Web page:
Old Attacks Made New Again by Hackers Exploiting our Browsers and Our Fears

Fake Windows Defender Warning Message

Attack Introduction:

This article sheds light on a very old attack method hackers have used that is once again making the rounds and tricking victims into paying for a virus’ removal.  CyberHoot has learned that hackers are displaying a Windows Defender Security Center pop-up (scam), which aims to deceive users into believing their computers are infected with malware. The scam prompts victims to call a fake technical support number, leading to potential financial loss and compromised security. This attack is quite similar to scams from the past. 

If you’re reading this page because you’ve got a warning like what’s shown above or below on your computer screen, please know that your computer and data are most likely still safe.  You have a nuisance you need to deal with to eliminate the frozen browser window, but it doesn’t mean your computer has been compromised.  Read on to learn what to do next.

Context of This Attack:

The Windows Defender Security Center pop-up scam is a variation of tech support scams that have been prevalent for years. These scams typically involve fraudulent pop-ups or phone calls claiming to be from reputable companies, urging users to take immediate action to resolve a non-existent issue.

The scammers exploit users’ fear and lack of technical knowledge to trick them into providing sensitive information or paying for unnecessary removal services. The key to not becoming a victim is to know when you’re facing an attack like this. We will show you how to determine if you’re under attack next.

Confirmation You Are Under This Attack:

To confirm if you are experiencing the Windows Defender Security Center pop-up scam, consider the following:

  1. Legitimate Alerts: Understand that Microsoft (and other tech companies) do not display unsolicited pop-ups demanding immediate action or personal information. Educate yourself about the legitimate alerts from the Windows Defender Security Center.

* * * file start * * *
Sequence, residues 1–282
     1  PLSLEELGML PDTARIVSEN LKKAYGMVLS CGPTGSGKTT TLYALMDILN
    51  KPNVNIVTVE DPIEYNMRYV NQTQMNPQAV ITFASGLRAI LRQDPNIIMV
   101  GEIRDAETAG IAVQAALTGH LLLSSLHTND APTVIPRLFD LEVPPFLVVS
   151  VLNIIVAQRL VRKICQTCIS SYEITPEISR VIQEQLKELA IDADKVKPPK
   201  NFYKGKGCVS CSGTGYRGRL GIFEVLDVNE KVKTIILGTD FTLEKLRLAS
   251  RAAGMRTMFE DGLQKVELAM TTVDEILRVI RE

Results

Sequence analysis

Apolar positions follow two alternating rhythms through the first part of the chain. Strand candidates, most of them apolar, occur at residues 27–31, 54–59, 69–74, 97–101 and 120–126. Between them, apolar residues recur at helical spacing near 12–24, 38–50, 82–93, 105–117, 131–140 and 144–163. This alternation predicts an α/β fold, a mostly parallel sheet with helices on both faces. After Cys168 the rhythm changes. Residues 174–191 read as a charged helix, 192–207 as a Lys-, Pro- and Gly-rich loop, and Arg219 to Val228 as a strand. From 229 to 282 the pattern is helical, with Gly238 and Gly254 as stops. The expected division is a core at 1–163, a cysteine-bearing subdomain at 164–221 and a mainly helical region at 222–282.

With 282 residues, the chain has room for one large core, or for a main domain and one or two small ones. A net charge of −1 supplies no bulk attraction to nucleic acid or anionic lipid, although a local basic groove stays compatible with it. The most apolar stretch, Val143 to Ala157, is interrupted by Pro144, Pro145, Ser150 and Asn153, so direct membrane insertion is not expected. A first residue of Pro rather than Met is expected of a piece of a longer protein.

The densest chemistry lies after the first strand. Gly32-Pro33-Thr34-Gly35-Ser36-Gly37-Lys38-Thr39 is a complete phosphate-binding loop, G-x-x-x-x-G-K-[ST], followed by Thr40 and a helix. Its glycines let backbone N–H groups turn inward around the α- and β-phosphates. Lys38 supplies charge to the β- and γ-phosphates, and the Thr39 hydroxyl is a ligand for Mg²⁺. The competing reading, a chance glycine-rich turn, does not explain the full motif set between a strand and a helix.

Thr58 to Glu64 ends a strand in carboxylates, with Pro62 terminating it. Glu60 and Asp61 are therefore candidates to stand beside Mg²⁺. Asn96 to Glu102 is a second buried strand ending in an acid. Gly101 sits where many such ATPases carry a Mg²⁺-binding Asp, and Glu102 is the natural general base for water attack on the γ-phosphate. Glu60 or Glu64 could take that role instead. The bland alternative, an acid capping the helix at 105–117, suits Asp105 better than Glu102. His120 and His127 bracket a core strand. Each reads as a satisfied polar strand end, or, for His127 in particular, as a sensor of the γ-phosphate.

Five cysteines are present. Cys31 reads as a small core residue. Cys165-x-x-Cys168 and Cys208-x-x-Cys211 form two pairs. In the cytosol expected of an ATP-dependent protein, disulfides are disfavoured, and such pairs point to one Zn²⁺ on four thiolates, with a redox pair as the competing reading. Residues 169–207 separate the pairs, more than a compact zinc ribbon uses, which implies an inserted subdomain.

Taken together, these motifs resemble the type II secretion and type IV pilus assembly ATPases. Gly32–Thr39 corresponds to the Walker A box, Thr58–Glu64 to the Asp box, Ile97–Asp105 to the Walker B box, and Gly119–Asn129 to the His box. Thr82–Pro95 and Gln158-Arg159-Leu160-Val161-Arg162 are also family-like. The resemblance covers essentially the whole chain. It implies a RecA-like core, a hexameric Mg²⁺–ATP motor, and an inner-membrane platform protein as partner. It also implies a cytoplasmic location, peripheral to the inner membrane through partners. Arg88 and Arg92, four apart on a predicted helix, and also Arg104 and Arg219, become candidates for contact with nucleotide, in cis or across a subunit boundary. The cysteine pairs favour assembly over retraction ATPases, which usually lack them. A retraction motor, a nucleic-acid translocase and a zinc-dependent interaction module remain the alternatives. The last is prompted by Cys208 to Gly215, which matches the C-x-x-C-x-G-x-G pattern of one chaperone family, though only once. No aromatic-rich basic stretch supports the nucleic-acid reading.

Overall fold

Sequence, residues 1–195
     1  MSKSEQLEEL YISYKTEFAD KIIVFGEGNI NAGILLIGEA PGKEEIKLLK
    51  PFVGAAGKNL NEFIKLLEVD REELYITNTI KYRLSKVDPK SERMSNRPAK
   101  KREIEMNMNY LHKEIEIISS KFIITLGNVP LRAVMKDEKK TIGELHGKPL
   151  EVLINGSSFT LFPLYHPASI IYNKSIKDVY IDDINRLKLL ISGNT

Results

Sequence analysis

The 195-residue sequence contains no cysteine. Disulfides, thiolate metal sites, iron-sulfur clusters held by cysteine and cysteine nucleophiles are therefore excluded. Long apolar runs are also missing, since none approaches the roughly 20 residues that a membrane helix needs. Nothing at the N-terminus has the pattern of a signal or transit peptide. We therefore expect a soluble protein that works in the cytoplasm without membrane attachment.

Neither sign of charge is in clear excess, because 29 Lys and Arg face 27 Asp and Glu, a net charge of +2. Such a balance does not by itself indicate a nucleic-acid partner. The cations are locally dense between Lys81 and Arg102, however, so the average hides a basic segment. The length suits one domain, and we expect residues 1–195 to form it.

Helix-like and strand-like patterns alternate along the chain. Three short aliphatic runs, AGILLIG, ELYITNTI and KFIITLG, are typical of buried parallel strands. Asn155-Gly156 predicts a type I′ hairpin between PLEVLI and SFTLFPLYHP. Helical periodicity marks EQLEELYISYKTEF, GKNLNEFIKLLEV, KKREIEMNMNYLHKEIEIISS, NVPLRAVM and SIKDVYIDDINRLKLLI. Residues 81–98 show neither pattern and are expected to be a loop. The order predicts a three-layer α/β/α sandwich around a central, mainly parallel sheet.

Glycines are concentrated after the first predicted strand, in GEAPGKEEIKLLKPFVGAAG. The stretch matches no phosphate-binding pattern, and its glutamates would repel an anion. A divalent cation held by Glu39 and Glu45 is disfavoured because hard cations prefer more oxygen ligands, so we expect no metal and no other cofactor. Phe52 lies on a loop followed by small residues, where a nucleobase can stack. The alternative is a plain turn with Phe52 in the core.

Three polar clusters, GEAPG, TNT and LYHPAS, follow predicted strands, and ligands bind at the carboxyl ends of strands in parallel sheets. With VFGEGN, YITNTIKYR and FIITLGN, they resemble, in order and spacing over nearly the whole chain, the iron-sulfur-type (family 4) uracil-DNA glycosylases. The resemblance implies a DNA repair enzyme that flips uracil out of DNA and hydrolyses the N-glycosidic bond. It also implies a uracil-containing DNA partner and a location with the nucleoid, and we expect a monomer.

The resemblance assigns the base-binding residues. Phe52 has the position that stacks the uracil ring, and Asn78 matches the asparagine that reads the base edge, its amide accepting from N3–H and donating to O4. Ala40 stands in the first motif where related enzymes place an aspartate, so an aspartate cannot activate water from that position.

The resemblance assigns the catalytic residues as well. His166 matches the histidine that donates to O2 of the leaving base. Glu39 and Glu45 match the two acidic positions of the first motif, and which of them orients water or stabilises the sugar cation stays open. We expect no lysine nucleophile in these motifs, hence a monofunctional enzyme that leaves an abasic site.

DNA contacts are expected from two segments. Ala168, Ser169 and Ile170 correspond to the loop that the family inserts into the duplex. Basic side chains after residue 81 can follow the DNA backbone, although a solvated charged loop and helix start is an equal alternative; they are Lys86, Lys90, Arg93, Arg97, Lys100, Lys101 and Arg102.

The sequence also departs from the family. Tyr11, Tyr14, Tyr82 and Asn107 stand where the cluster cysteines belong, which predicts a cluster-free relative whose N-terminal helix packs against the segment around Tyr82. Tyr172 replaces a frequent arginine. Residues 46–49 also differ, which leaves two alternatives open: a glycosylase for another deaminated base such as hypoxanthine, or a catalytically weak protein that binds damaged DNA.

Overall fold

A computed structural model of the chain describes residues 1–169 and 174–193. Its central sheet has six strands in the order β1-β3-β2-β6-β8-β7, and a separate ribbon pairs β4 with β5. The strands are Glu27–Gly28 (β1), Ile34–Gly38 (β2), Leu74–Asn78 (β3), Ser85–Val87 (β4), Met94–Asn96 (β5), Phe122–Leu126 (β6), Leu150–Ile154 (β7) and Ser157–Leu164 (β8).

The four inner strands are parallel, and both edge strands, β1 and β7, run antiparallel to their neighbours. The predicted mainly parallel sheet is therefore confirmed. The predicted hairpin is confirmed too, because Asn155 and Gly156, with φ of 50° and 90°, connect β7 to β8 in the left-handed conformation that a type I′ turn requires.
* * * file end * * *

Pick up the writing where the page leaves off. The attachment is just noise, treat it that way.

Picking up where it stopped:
2. Signs of Suspicious Behavior: Look for signs of suspicious behavior within the pop-up, such as grammatical errors, misspellings, or urgent demands. These indicators often reveal fraudulent attempts.

Fake Windows Defender Attack Pop-up

Protection from This and Similar Attacks:

To protect yourself from this scam, take the following actionable steps:

  1. Stay Educated: Familiarize yourself with legitimate alerts and warnings from the Microsoft’s Security Center. Microsoft does not use aggressive pop-ups or request personal information through such means.

  2. Close the Pop-Up: Use the task manager (accessible by clicking Control-Alt-Delete simultaneously) or close the browser window to terminate the scam pop-up. Refrain from clicking any links or providing personal or financial information.

  3. Update Software: Keep your Windows operating system and security software, such as Windows Defender, up to date. Regular updates help patch vulnerabilities and defend against evolving threats.

  4. Conduct a Full System Scan: Run a thorough scan of your system using reputable antivirus or anti-malware software. This scan will identify and remove any potential threats present on your computer.

  5. Enable Real-Time Protection: Ensure that Windows Security real-time protection feature is activated. Learn more about Windows security here. This proactive measure detects and prevents threats in real-time.

  6. Practice Safe Browsing: Exercise caution while browsing the internet. Avoid visiting suspicious websites, clicking on unknown links, or downloading files from untrustworthy sources. 

  7. Enable Firewall Protection: Activate the built-in firewall in Windows or use a reputable third-party firewall solution. Firewalls act as barriers against unauthorized access and can help prevent malicious software from entering your system.

  8. Regularly Back Up Data: Create backups of your important files and data on a consistent basis using a 3-2-1 Backup methodology. Utilize external storage devices or cloud-based services to ensure data recovery in case of a malware attack or system compromise.

Fake Windows Defender Attack Conclusions:

By following these actionable steps, you can protect yourself from falling victim to the Windows Defender Security Center pop-up scam.  This old scam has been recycled and used to attack unsuspecting victims.

Stay informed about the latest scams and threats in the cybersecurity landscape to enhance your overall security posture.

Secure your business with CyberHoot Today!!!

Watch this NBC Today video showing how they fell victim to this Scam attack on what they learned.



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